40 Black History Month Activities for February and Beyond

Celebrate and inspire with these Black history lesson ideas.

Examples of Black History Month activities including creating a history museum and discovering archaeological monuments
We Are Teachers; Irving Elementary School; National Geographic/Henrietta Marie

We know that Black history is American history and needs to be embedded into your classroom experiences year-round. At the same time, Black History Month provides the necessary opportunity to dig deeper with students. Every February, we can support students as they learn more, discover cultural impacts, and follow social movements from the past to the present day. These Black History Month lessons and activities cannot be isolated or one-off classroom experiences. Think of how you can connect these topics to what you’re already doing and make it authentic. And most important, do not just focus on oppression: Focus on the joy too!

Since 1928, the Association for the Study of African American Life and History has provided a theme for Black History Month. In 2024, the theme is African Americans and the Arts.

1. Learn the basics about Black History Month

Watch an introductory video about Black History Month. Then ask students to write their questions about Black history and use those to curate your resources and lessons for the month.

2. Re-create civil rights freedom posters

Recreate Civil Rights Posters for black history month
Civil Rights Movement Veterans/Poster via crmvet.org

The Civil Rights Movement Veterans site offers powerful examples of freedom movement posters, as does the Civil Rights Digital Library. Review them with your students, and then have them get into groups and create their own to share.

3. Explore Black history through primary sources from the National Archives

people playing basketball black history month
National Archives/Basketball players via archives.gov

Primary sources are great discussion starters to talk about Black experiences. Choose from thousands of resources, including this 1970s photo series of Chicago.

4. Learn about famous Black artists

5 African-American Artists Who Inspire My Students' Creativity
Smithsonian/Black artists via americanart.si.edu

Future Jacob Lawrences and Elizabeth Catletts will appreciate learning more about artists and expanding their own talents. Plus, check out these other Black artists.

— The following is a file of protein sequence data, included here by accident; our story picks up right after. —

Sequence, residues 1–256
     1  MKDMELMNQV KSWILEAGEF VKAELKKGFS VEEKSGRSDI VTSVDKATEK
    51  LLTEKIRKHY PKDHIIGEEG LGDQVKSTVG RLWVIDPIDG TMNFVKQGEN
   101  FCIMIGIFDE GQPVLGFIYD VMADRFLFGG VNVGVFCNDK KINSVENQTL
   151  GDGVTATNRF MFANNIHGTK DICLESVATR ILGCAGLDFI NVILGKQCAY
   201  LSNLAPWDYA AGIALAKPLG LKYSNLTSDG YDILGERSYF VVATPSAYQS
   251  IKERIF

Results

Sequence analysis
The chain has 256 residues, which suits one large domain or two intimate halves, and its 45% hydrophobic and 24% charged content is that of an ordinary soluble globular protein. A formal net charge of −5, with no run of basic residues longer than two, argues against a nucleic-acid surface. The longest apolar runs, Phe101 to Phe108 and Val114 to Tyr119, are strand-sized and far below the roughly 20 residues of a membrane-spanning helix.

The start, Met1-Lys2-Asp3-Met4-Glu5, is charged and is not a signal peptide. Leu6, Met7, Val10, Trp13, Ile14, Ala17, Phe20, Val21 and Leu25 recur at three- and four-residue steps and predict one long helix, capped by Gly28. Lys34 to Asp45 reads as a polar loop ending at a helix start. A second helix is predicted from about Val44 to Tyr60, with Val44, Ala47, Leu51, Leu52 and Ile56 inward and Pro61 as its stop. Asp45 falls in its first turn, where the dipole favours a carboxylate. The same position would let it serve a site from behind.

5. Watch a Black History Month video

Get more specific information or do a deep dive into an area of Black history with a video about civil rights, slavery, accomplished Black Americans, and more.

Check out this list of Black history videos for students in every grade level.

Collage of video stills from videos for Black History Month
We Are Teachers/Black history videos via weareteachers.com

6. Learn about Black Lives Matter

Black Lives Matter group protesting
Black Lives Matter/Protest via blacklivesmatter.com

The Black Lives Matter site explains the group’s history while books like Dear Martin and The Hate U Give explore the movement from a fictional perspective.

7. Learn about the inventor of the traffic light

Garrett Morgan invented the traffic light and patented the three-position traffic signal. Teach students about his achievements as an example of how Black Americans impact our everyday experiences. Watch a video about Morgan and talk about what inspired his invention and how being an African American impacted him as an inventor.

Buy it: Garrett Morgan Activity Pack at Amazon

8. Create a newsletter or magazine with content from Black authors

Have your students generate their own newsletter or literacy magazine to distribute to parents. Include poems and short stories by Black authors, as well as student-generated writings and images that center on Black History Month.

9. Read a Black History Month poem

34 Powerful Black History Month Poems for Kids of All Ages

To enhance our conversations this month, we’ve put together this list of powerful Black History Month poems for kids of all ages.

10. Listen to young poet Amanda Gorman

cover of Change Sings

Amanda Gorman is another accomplished Black American and a great introduction to Black poetry. Watch the poem she read at Barack Obama’s inauguration, read her book Change Sings, and learn about her at Poets.org.

Buy it: Change Sings: A Children’s Anthem at Amazon

11. Turn your classroom (or school!) into a history museum

student being simone biles for a school project for black history month
Irving Elementary School/Student project via op97.org

Have your students choose a notable Black pioneer they’d like to know more about, such as voting rights and women’s rights activist Fannie Lou Hamer, dancer Alvin Ailey, or Betty Reid Soskin, the oldest full-time national parks ranger. Then, host a living museum right in your classroom.

12. Decorate your classroom door for Black History Month

Turn your classroom door into an educational experience. Check out how these teachers decorated their classroom doors in amazing ways to showcase Black History Month, and review this video with ideas.